The absence of sound at four a.m. is total, apart from Willow purring in my ear, and then climbing on my chest to do some ‘cpr’. Four kilos on my chest that early is a bit much, so I roll over and she rolls off. She stands up and I ‘tip’ her again, so she knows I’m playing. We continue our game until I do my stretches and get up and dressed.
She follows me into the bathroom. I’m almost out of toothpaste, so I mentally prepare a list for a trip to ‘Bunnies’ grocery store later. While I’m washing my face, I do a mental ‘body scan’, inside and out, to see what I need. Its three hours until sunrise and three and a half ’til Bunnies opens, so I have time.
Its been a few days since I took my supplements, so in the kitchenette I lay them out. I’m down to my last two calcium tablets, although I doubt Bunnies will stock that kind of thing.
While the kettle’s on, I wash Willows bowl with hot water, dry it with kitchen towel and put it back down again. Rummaging around I find her food and top up the bowl. At this point, I realise I might catch the shipping forecast again so I reach over and tune in. I’m early actually,
‘You’re up before the shipping forecast, Sam. Toothpaste. Calcium. Kitchen Roll.’
There’s so little I need, I wonder whether I need to do that today. The tidal reports show high tide at six fourteen this morning; a dry, bright and chilly day with a slight breeze. I slip into my trainers and grab my fluorescent waterproof. In the drawer I dig out a little clip light and a torch and then make some coffee in a travel mug and stuff it into an empty backpack.
After giving it some thought, I decide to walk right this morning, in the opposite direction of the shop. If I walk to bunnies via the beach I’m not sure I could find the tiny beach path through the houses to the village. With a healthy respect for the tide, its safer to road walk – especially since sunrise isn’t until seven forty.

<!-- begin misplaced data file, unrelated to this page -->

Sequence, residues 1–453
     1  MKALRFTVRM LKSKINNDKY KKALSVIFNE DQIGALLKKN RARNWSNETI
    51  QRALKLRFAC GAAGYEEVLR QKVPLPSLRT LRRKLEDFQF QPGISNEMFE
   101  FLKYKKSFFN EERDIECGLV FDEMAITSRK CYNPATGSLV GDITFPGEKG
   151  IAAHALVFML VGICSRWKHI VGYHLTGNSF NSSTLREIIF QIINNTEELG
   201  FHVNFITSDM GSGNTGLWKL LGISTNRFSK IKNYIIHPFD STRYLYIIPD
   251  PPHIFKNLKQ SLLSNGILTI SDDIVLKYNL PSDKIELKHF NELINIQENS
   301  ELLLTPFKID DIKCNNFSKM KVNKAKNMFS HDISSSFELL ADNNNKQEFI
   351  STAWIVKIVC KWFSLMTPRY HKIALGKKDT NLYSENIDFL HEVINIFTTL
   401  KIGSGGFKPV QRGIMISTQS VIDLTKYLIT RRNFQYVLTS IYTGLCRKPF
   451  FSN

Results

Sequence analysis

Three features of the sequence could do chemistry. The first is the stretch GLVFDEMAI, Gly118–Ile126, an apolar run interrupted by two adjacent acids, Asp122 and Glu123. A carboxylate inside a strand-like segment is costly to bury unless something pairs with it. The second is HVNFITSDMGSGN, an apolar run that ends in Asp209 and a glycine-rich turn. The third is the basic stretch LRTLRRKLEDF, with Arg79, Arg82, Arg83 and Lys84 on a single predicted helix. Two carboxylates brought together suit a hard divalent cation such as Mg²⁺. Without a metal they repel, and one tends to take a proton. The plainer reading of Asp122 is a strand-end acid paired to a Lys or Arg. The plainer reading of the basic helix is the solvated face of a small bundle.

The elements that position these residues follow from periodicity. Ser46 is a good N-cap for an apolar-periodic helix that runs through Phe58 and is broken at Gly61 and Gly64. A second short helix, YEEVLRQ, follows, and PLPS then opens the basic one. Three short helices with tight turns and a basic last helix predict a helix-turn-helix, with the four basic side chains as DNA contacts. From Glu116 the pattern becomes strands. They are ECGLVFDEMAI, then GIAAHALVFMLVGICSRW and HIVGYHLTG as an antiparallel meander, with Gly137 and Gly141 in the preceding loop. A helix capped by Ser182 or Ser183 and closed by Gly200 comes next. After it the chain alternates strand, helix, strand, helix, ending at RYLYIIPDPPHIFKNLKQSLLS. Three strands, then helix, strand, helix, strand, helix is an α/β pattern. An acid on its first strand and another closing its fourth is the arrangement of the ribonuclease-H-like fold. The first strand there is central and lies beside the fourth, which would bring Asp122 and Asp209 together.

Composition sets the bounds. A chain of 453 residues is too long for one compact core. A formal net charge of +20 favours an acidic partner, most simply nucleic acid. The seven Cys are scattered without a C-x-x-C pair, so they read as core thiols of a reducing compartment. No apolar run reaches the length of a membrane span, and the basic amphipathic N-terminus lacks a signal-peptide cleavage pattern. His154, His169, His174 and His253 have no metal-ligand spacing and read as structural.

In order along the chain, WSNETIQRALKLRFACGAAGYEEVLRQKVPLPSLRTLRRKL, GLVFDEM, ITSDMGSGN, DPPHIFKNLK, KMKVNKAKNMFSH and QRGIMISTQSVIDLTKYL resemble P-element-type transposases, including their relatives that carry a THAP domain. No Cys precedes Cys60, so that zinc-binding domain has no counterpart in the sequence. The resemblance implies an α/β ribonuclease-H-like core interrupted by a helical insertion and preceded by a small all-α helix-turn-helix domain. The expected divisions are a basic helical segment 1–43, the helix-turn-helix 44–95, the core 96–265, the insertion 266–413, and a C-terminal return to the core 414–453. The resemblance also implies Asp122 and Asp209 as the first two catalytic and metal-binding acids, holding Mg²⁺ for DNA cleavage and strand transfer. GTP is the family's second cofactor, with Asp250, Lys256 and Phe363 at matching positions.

At the bottom of the beach steps which I carefully navigate with a torch, I hang a right. This is really my first beach walk in the dark. The sand is dry but packed so it’s very easy to walk on. I point my torch just in front of my feet and start a slow easy walk.
I can hear the water, so that’s comforting to me. There’s really nothing frightening about walking in the dark, and I really only have a torch because the tide often washes up the biggest chunks of driftwood you might ever see – sometimes whole trees. People often collect it, for crafts and such. After a few minutes of staring into my torchlight it feels like I’m in a bubble, navigating my way around obstacles like giant clumps of seaweed and wood.
The only thing I can concentrate on is the light in front of me and the sound of the distant tide. I’m taken back to my teens, where I’d walk home from the pub, in the pitch dark, on my own. I lived near the coast back then, too. I’d literally take off my heels and march, barefoot, chanting in my head, ‘Left, Left, Left, Right, Left.’ as I navigated the shortcut along the sea wall before hanging a left at a caravan park, cutting through a vacation village and down a dirt track to my house. There was an old dis-used hay barn about fifty meters from my house – with a great, gaping, dark opening which I always sprinted past. If you’ve ever heard a barn owl screech at three a.m. I suspect you’d sprint, too.
After walking for about twenty minutes I’m at the cobbled stone ramp of the beach café so I make my way up. At the benches I slide into a seat and get my coffee out. It’s still pitch-dark and nothing is stirring. I hear a sheep bleating on the hill, then another. Perhaps they’ve spotted my light.
The beach road is lit for most of the mile or so walk into the village, so I sit with my thoughts and the sheep for a bit, and contemplate my pre-sunrise toothpaste-trek.